by Alex Nowrasteh
Wednesday, President Trump argued that “those seeking immigration into our country must be able to support themselves financially and should not use welfare for a period of at least five years.” That law is already on the books, but Trump’s instincts are correct on this issue. Congress can do a lot more to restrict access to welfare for immigrants, but it should go even further than Trump recommends — by denying access to welfare for all noncitizens.
Immigrants don’t come to the United States for welfare, they come to work. It’s bad enough that taxpayers have to support bloated, ineffective welfare schemes for U.S. citizens. They should not be forced to do so for recent arrivals.
Lower-income immigrants are less likely to use means-tested welfare programs than lower-income native-born Americans. When lower-income immigrants do use those programs, the dollar value of the benefits they consume is far below their native-born counterparts with similar income.
If natives consumed Medicaid at the same rate and dollar value as lower-income immigrants do, the program would be 42 percent smaller. Relatedly, immigrant labor force participation rates tend to be higher than for natives and they are about twice as likely to start a business.
Immigrant welfare use is a small problem relative to the size of the welfare state. In addition to their relatively lower use rates and the small value of the benefits they consume, immigrants pay about $14 billion a year more into Medicare Part A than they consume in benefits, compared to the roughly $31 billion a year deficit that natives impose. Medicare needs serious reform, but immigrants are helping to keep the system solvent in the meantime.
Regardless of the truth, polls show that immigrant use of welfare is a very real concern to many Americans. Immigrants clearly don’t need welfare, but the false perception that they consume it in massive quantities dampens public enthusiasm for liberalizing immigration laws. A Cato Institute policy analysis from a few years back described how Congress could end this perception by simply barring non-citizens’ access to large portions of the welfare state, from food stamps to Medicaid.
Ending non-citizen access to welfare can address these concerns. If false public perceptions of immigrant welfare use led to welfare reform that diminished their access then taxpayers, including those who are immigrants, would benefit at a very low cost. Such a proposal would separate those honestly worried about immigrant welfare use from those who use it as an excuse to oppose immigration.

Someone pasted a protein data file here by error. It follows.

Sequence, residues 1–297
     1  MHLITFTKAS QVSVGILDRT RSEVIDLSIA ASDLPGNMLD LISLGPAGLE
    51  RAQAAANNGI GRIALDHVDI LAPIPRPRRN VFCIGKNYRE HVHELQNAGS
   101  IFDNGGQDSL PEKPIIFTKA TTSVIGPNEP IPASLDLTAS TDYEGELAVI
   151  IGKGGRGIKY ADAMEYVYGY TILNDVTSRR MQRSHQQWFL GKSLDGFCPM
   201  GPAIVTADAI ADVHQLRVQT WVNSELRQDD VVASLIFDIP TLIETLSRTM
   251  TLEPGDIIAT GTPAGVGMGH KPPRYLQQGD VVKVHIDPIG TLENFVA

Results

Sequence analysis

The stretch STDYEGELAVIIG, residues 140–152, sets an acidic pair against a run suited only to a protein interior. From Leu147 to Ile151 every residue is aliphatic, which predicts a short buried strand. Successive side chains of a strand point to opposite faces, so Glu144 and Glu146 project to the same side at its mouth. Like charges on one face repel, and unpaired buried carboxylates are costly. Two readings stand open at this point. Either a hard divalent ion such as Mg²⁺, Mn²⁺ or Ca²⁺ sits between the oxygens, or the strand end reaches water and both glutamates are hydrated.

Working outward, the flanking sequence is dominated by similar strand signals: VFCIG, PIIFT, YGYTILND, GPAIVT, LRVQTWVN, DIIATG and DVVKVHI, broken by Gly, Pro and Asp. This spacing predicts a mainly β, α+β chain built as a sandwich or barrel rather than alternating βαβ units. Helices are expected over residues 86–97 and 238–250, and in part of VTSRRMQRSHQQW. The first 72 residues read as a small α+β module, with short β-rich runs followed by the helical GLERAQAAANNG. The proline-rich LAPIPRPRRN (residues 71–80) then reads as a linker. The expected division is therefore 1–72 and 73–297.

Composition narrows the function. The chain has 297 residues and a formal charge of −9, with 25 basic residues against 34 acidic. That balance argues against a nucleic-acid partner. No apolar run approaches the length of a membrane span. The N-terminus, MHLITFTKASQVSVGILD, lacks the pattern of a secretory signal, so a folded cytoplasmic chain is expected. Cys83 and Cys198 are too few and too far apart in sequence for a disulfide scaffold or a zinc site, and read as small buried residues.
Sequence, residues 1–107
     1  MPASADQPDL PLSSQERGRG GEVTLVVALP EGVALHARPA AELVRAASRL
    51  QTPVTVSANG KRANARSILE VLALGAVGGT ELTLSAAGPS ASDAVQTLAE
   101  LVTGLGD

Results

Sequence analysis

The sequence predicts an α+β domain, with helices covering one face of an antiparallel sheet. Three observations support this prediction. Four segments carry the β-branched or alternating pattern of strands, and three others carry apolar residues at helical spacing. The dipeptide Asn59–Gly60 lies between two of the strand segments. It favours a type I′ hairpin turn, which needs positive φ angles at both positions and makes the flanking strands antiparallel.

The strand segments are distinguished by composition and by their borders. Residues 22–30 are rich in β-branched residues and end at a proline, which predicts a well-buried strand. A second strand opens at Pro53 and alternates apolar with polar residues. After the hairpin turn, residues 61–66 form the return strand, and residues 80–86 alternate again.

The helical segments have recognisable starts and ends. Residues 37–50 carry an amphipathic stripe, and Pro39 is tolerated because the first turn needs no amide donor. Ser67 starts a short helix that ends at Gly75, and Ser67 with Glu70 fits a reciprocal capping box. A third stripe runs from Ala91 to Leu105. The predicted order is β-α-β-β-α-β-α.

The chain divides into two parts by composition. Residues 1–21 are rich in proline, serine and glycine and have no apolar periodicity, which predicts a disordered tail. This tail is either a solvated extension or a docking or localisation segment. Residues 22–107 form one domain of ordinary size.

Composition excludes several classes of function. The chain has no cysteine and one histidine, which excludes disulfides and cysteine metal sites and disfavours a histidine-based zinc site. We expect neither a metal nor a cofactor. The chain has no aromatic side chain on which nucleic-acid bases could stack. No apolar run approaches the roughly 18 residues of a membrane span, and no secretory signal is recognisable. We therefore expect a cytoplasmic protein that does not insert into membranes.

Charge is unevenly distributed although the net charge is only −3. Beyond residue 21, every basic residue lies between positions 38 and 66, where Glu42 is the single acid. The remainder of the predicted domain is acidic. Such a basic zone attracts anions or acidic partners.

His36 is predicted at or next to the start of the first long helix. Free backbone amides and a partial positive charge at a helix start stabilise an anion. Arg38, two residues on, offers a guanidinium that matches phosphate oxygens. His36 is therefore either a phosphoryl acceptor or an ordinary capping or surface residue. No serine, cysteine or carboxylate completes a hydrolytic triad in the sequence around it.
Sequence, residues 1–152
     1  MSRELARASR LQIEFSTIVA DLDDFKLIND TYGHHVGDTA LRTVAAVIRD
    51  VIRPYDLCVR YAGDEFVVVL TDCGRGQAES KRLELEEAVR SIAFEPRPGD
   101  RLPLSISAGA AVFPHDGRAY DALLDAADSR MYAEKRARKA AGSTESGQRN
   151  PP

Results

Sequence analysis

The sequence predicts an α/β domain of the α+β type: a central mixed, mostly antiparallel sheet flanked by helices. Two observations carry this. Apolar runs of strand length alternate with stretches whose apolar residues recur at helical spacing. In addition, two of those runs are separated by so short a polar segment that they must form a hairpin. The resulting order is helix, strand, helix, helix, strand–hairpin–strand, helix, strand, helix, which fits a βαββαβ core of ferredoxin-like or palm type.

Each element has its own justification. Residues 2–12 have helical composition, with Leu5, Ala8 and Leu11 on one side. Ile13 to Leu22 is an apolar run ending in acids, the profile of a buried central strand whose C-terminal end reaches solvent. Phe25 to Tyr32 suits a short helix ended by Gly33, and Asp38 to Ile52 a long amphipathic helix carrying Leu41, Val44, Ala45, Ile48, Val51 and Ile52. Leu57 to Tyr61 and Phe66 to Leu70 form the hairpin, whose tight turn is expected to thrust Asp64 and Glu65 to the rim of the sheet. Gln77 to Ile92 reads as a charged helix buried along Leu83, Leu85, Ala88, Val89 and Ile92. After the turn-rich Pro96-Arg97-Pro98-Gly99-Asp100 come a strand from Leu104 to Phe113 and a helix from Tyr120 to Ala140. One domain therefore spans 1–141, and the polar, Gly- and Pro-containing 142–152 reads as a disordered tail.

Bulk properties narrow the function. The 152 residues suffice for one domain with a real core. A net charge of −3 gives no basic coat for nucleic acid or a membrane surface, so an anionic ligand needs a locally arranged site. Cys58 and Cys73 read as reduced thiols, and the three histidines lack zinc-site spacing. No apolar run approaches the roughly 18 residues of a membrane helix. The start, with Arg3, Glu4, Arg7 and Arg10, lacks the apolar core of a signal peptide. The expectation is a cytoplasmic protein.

Trump’s statements in favor of restricting welfare access did not include many details. However, there is no shortage of means to restrict non-citizen access to welfare.
For instance, there are some minor reforms, such as enforcing documentation requirements for Medicaid applicants, and improving the accuracy and frequency of use for the Systematic Alien Verification for Entitlements (SAVE) program that checks whether welfare applicants are actually eligible for benefits. Some reform suggestions go further, such as preventing all non-citizens from receiving cash benefits through the Temporary Aid to Needy Families program and food stamps, as well as reforming the Earned Income Tax Credit and Child Tax Credit so only citizens have access.
Current law already bars immigrants from receiving many welfare benefits, but states have the authority to spend their own tax revenue on aid for immigrants ineligible under federal rules. As much as this rightly rankles many voters, principles of federalism and the Constitution make it difficult for Congress to ban that practice, except when federal funds are involved.
Preventing non-citizens from accessing welfare will save taxpayers money and calm the concerns of many taxpayers. Congress can and should expand upon Trump’s idea to further restrict immigrant welfare use by barring all non-citizens from accessing benefits.
Everyone will win under such a policy, and there will be no doubt that immigrants continue to flock to our shores to achieve the American Dream, rather than receive a welfare check.
Alex Nowrasteh is an immigration policy analyst at the Cato Institute.